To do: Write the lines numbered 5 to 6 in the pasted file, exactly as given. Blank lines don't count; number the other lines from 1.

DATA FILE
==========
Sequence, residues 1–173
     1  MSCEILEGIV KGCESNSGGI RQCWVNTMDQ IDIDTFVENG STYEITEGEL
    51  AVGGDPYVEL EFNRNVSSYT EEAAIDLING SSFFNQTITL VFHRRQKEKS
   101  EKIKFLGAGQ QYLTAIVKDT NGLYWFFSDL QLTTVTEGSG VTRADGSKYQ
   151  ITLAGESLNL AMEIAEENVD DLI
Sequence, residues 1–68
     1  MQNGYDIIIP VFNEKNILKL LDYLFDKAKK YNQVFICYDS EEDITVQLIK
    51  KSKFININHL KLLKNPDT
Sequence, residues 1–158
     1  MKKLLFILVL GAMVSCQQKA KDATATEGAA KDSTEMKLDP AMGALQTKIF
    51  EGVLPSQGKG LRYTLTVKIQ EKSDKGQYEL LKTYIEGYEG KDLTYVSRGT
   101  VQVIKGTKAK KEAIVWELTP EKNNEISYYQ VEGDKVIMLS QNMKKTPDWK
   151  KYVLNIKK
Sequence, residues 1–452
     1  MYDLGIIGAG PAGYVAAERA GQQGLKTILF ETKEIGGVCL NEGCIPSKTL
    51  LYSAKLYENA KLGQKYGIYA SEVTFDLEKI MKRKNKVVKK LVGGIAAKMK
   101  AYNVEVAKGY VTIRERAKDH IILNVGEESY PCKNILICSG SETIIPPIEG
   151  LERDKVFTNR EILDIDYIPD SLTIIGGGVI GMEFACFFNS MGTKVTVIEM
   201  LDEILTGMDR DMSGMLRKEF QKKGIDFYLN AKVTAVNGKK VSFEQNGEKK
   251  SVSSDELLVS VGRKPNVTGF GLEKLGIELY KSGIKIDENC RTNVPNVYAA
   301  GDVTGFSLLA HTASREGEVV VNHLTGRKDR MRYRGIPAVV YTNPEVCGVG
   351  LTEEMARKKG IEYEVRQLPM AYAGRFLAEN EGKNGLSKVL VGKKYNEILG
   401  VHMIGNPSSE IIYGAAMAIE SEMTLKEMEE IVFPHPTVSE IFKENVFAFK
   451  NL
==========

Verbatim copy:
   151  ITLAGESLNL AMEIAEENVD DLI
Sequence, residues 1–68